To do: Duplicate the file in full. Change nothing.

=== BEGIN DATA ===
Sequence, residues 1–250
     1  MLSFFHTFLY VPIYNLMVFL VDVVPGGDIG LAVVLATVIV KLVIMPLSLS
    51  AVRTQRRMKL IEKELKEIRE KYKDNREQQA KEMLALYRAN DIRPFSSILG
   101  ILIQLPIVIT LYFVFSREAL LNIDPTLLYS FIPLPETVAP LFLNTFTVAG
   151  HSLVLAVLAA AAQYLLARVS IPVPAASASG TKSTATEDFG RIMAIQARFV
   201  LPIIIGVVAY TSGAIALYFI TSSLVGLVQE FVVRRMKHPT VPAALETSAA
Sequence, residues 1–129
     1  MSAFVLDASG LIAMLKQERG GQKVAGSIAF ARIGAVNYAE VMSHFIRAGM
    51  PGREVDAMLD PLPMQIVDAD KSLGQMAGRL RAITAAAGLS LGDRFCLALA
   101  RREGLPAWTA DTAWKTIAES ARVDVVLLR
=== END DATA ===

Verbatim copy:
Sequence, residues 1–250
     1  MLSFFHTFLY VPIYNLMVFL VDVVPGGDIG LAVVLATVIV KLVIMPLSLS
    51  AVRTQRRMKL IEKELKEIRE KYKDNREQQA KEMLALYRAN DIRPFSSILG
   101  ILIQLPIVIT LYFVFSREAL LNIDPTLLYS FIPLPETVAP LFLNTFTVAG
   151  HSLVLAVLAA AAQYLLARVS IPVPAASASG TKSTATEDFG RIMAIQARFV
   201  LPIIIGVVAY TSGAIALYFI TSSLVGLVQE FVVRRMKHPT VPAALETSAA
Sequence, residues 1–129
     1  MSAFVLDASG LIAMLKQERG GQKVAGSIAF ARIGAVNYAE VMSHFIRAGM
    51  PGREVDAMLD PLPMQIVDAD KSLGQMAGRL RAITAAAGLS LGDRFCLALA
   101  RREGLPAWTA DTAWKTIAES ARVDVVLLR